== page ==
Psammite is common in the Watershed area, ranging from quartzo-feldspathic greywacke to arkose. It comprises fine- to coarse-grained sandstone with a silt to mud matrix, composed of 45 vol.% angular to subrounded quartz, 40 vol.% euhedral to subhedral plagioclase and <5 vol.% fine-grained biotite and muscovite. It occurs in monotonous sequences of massive to poorly graded beds with few internal structures and rare intercalations of shale (Poblete et al., 2021).

Quartzite is rare, occurring as isolated dark grey beds within the psammite units, and comprises >70 vol.%, typically 2 to 5 mm diameter quartz grains with minor biotite and feldspar (Poblete et al., 2021).

Slate-siltstone breccia is the principal lithologic unit in the Watershed area, occurring as a 2 to 3 km wide zone that strikes NNW over a strike length of >20 km. It is composed of fragments of siltstone and minor sandstone in a foliated, dark-grey matrix of mudstone/slate. Siltstone fragments comprise between 10 and 90 vol.% of the rock and vary from 0.5 to 5 cm in width. They may be planar to linear in shape, with some preserving hook-like forms reflecting fold hinges. This unit has a homogeneous composition and represents the highly deformed and transposed equivalent of interlayered sandstone-siltstone-mudstone beds. Elongated aggregates of pyrrhotite are common along foliation planes (Poblete et al., 2021).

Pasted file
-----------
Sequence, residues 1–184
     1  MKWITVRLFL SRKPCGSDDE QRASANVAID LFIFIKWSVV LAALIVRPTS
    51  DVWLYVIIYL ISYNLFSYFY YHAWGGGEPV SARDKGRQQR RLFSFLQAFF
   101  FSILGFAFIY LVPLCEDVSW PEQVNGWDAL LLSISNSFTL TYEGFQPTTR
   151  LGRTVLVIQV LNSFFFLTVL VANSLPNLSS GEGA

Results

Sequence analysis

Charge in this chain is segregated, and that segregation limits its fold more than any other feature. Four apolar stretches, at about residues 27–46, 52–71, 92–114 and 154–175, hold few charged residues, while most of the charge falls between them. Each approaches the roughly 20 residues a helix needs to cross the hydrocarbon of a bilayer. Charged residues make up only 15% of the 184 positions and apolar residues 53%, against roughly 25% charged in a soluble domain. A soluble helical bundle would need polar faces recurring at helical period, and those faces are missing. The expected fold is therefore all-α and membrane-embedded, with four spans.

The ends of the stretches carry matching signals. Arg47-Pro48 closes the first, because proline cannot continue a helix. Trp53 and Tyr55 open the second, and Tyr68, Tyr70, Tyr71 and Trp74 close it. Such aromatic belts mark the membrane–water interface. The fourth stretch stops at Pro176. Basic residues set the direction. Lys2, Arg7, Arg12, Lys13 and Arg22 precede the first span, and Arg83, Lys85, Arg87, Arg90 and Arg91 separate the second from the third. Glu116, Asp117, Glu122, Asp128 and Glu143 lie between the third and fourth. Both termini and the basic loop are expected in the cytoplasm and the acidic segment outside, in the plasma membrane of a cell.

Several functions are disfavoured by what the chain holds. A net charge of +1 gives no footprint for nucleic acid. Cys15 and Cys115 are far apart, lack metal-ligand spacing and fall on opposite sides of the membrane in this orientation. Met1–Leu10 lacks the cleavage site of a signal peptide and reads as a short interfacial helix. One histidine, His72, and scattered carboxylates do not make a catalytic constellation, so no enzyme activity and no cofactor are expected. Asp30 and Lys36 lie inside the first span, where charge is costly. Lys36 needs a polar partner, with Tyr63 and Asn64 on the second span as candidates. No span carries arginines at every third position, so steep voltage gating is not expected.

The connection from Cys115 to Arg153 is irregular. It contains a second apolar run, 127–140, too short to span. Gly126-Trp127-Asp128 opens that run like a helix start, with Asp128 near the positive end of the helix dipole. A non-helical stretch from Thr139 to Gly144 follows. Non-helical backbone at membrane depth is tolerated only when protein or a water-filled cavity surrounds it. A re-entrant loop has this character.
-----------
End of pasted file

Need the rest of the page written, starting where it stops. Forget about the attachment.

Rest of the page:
Chert is only found within slate-siltstone breccia occurring as 0.5 to 30 cm thick pods or layer fragments of thinly banded, black to cream siliceous rock with shale partings. The chert fragments represent disrupted layers that formed within the slate-siltstone-sandstone sequence (Poblete et al., 2021).

Multiple felsic to intermediate dykes cut the metasedimentary rocks at Watershed including the following: i). Carboniferous, monzonite dykes dated at 350±7 Ma (zircon U-Pb) emplaced during D1-2; and ii). Permian granite plutons and dykes dated at 291±6, 277±6 and 274±6 Ma (zircon U-Pb) and 281±5 Ma diorite (zircon U-Pb) emplaced during D4 (Poblete et al., 2021).